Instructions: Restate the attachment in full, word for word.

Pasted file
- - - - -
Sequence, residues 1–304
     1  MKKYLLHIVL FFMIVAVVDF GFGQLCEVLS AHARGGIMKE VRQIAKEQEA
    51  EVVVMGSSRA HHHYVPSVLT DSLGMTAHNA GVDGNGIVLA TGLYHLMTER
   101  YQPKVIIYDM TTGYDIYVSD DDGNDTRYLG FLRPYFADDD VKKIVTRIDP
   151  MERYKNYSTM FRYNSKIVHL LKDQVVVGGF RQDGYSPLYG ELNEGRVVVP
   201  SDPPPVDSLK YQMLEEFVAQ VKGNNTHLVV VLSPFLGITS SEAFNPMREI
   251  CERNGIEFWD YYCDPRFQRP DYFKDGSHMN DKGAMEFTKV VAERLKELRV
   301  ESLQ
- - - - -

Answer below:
Sequence, residues 1–304
     1  MKKYLLHIVL FFMIVAVVDF GFGQLCEVLS AHARGGIMKE VRQIAKEQEA
    51  EVVVMGSSRA HHHYVPSVLT DSLGMTAHNA GVDGNGIVLA TGLYHLMTER
   101  YQPKVIIYDM TTGYDIYVSD DDGNDTRYLG FLRPYFADDD VKKIVTRIDP
   151  MERYKNYSTM FRYNSKIVHL LKDQVVVGGF RQDGYSPLYG ELNEGRVVVP
   201  SDPPPVDSLK YQMLEEFVAQ VKGNNTHLVV VLSPFLGITS SEAFNPMREI
   251  CERNGIEFWD YYCDPRFQRP DYFKDGSHMN DKGAMEFTKV VAERLKELRV
   301  ESLQ